The UK's projected oil and gas revenues for the next 30 years could be significantly lower than expected according to a report from the public finance watchdog.
In its annual fiscal sustainability report, the Office for Budget Responsibility (OBR) projects oil and gas receipts to be 0.05% of GDP by 2040/41 - around half the level it projected in 2011's report.
The OBR said the main driver for this was lower projected global prices for the commodities, describing oil and gas as the "most volatile of the main tax streams".
Scottish Secretary Michael Moore said the lower projections could not be ignored by the Scottish Government and provided further evidence of the long-term consequences of independence.
He said: "The UK Government is doing all it can to help maximise production in the North Sea and create an environment which makes the most of our oil resource.
"The sector is hugely important in Scotland, as are the jobs and skills which depend on it throughout the UK. Our work on field allowances and certainty on decommissioning tax relief is undoubtedly helping.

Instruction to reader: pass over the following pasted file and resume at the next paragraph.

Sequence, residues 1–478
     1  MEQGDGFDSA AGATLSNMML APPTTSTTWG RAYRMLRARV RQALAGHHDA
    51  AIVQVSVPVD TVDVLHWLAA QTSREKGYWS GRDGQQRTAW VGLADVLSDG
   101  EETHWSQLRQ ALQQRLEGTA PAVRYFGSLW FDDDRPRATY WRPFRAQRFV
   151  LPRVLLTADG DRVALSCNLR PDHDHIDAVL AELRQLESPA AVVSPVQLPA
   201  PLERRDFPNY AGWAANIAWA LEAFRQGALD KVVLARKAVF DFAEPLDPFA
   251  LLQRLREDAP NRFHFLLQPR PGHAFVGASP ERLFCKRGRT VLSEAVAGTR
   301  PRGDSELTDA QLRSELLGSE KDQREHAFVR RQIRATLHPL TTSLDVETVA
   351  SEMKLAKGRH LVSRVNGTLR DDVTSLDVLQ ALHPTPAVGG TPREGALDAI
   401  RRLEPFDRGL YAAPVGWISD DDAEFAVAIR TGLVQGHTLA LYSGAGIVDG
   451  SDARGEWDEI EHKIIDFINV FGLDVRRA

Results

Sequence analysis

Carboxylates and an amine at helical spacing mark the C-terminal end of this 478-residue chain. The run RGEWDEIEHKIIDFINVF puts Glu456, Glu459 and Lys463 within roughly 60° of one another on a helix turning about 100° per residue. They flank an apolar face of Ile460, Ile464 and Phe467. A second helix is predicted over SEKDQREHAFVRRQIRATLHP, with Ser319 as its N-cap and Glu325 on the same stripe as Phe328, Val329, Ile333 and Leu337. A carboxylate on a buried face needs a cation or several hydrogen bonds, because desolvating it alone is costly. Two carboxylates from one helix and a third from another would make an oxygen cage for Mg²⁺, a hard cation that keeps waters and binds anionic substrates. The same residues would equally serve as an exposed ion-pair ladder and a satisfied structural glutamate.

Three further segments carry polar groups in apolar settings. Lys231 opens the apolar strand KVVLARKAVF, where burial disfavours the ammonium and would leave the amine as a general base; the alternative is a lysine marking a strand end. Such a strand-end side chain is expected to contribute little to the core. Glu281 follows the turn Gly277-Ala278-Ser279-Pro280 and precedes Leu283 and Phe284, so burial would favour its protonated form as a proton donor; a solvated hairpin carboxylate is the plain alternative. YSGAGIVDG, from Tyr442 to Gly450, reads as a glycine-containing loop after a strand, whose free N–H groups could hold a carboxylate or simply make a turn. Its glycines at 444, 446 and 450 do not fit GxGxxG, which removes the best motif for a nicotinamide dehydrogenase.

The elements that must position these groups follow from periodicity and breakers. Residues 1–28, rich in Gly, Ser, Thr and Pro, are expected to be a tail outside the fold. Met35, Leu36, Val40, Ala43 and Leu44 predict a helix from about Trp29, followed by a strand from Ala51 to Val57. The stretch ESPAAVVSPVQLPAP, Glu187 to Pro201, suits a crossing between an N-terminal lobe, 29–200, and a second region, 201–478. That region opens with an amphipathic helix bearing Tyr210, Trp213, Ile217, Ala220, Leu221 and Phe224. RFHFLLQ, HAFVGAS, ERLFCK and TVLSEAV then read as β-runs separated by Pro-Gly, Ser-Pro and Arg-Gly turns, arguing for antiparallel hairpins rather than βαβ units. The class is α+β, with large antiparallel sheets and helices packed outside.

"But today's report shows the effects of a drop on oil revenues and the Scottish Government cannot ignore the impact of the OBR's halving of its forecast from the North Sea over the next thirty years."
Labour's Shadow Scottish Secretary Margaret Curran said: "The oil and gas sector is very important, but production goes up and down, prices go up and down, and so it is foolish to base our whole economy on this alone.
"It is much more sensible for Scotland to be part of a balanced economic mix rather than being so heavily reliant on just one sector."
A Scottish Government spokeswoman said: "With more than half of the value of the North Sea's oil and gas reserves yet to be extracted, 24 billion barrels with a wholesale value of £1.5tn, oil and gas will remain an enormous economic resource for decades to come."
She said the Government's oil and gas strategy had been developed with the industry to plan out how to help the sector grow.
She added: "With independence the Scottish Government would have the economic levers necessary to provide the long-term stability and fiscal incentives to maximise production, encourage investment and in turn boost tax revenues.
"This is in contrast to the fiscal instability experienced under the UK Government's current system that has been widely criticised by industry."